Jewar MLA Plans IGI Tour to Get Consent for Land Acquisition, Farmers Say They’ve Seen Airports Before

Even though most farmers in Jewar have agreed to give their land, there is still discontent among the affected families.

Manas Mitul ,
New Delhi: To convince Jewar farmers who have not yet given consent for land acquisition for the proposed airport in the region, the local MLA is planning to take them on a tour of the Terminal 3 of the Indira Gandhi International airport in Delhi.

Thakur Dhirendra Singh hopes the farmers will see the development IGI airport has brought to the area and will agree to part with their land so that similar development could come to Jewar.

“I have written to the Ministry of Civil Aviation asking for permission so I can take farmers to Terminal 3 and they can see how the airport brings development to the region. The land acquisition process is on the verge of completion. Those farmers who have not consented yet, will agree when they see and hear about Delhi airport,” Singh said.

The BJP leader said he, along with his aides, will take around 200 farmers from six villages – Rohi, Parohi, Dyanatpur, Ranhera, Banwari Bas and Kishorepur - that come under the first phase of the airport.

“Once they see the numerous young people employed there, they will know what Jewar stands to benefit and their hearts will change,” the BJP leader said.

Even though most farmers in Jewar have agreed to give their land, there is still discontent among the affected families.

Virendra Singh, a farmer from Rohi village, said he had begrudgingly consented to give up his land. “I did not want to give my land. But others were agreeing, so I agreed too. What could I have done?” he asked.

He did not think much of the politician’s decision to take farmers to Delhi airport as well. “To me, it looks like a narrow approach. They think the farmers have never seen an airport, that we don’t know anything. What’s to see there (at Delhi airport)?” he said.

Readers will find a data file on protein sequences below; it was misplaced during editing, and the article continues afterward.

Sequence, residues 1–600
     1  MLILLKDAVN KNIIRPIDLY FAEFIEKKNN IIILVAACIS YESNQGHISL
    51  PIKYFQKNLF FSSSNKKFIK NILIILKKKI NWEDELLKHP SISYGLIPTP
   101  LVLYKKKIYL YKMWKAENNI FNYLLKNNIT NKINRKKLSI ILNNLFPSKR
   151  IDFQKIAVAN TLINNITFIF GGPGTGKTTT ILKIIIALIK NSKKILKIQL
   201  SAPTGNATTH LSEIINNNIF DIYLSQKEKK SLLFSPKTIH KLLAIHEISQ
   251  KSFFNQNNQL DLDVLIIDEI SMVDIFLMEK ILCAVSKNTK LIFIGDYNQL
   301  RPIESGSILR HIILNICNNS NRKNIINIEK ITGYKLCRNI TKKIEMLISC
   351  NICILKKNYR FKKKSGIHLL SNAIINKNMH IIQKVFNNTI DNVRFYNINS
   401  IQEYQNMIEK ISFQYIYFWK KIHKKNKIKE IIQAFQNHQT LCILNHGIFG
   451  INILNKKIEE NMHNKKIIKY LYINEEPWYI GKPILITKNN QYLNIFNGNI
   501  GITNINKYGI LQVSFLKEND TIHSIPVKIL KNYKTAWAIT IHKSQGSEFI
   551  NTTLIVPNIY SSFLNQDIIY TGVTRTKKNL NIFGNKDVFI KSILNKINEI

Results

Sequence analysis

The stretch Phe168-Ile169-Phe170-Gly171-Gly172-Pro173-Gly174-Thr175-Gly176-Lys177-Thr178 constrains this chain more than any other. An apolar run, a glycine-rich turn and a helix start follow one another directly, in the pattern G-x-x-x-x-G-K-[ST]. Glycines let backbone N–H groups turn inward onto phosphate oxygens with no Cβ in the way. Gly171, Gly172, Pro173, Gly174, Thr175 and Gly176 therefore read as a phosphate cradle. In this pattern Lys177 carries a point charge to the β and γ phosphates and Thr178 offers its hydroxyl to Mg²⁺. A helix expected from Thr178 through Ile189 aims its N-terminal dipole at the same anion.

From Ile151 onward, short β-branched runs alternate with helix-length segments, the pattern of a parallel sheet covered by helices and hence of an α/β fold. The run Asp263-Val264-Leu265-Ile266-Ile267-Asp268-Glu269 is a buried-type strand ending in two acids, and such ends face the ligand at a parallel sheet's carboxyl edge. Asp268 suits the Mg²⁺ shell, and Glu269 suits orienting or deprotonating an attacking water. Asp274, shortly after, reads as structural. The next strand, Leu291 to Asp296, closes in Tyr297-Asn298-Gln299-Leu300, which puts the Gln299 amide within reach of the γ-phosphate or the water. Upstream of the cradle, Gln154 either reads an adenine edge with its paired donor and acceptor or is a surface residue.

He was of the opinion that the airport visit doesn’t matter much as most farmers have already agreed to give their land.

Like other farmers from the region, Virendra is worried about the rehabilitation process. “I’m not happy with the provisions of the rehabilitation process. They say they will give us twice the value of our house to build another house when we get rehabilitated. They will send an expert who will evaluate the cost of my house. What if he evaluates it at Rs 2 lakhs, even though I’ve spent Rs 10 lakhs on it? They’ll give me Rs 4 lakhs, twice the estimate and I’ll still lose Rs 6 lakhs,” he said.

Many villagers gave away their lands for fear of missing out, but doubts about compensation and rehabilitation linger.

“I built my house with my blood and sweat. And I’ve agreed to give it away. Yeh vikas nahi, vinaash hai (this is not development, this is destruction).” Virendra said.

Devendra Singh from Thora village, who has agreed to sell his land in Parohi, too, has doubts about the proposed airport visit.

“I don’t know which farmers will go to see the airport. I don’t know what will be achieved from it. There will be planes there, that’s all. And affected families will be rehabilitated to a different place in the region. It is not like they’ll live near the airport when it is made,” he said.

On the other hand, Bhagwan Singh, husband of the Pradhan of Rohi village, who too has agreed to give his land, feels that seeing the Delhi airport may allay the fears and doubts of some farmers.

As of Tuesday, the authorities have acquired 1,145 hectares of land from 3,076 farmers in region. Over 500 landless people from Jewar too have given their consent, taking the total to 3,600.

The government needed 1,300 hectares in Jewar for the first phase of the project, out of which just over a hundred acres were already owned by the government. Over 93 percent of required land has been acquired, but authorities are yet reach the target for consent from affected families.

Under the provisions of the Right to Fair Compensation and Transparency in Land Acquisition, Rehabilitation and Resettlement Act, 2013, at least 70 percent of the affected families must consent to the land acquisition process for the project to go ahead. Authorities, however, say that figure will likely be reached in the coming days and the project has virtually got the green light.

The greenfield international airport project at Jewar had hit a roadblock when authorities missed the 31 August deadline to acquire requisite land in the region. After a week’s extension during which the MLA went on a village to village drive asking for farmers’ consent, the process gained momentum and is now on the brink of completion.

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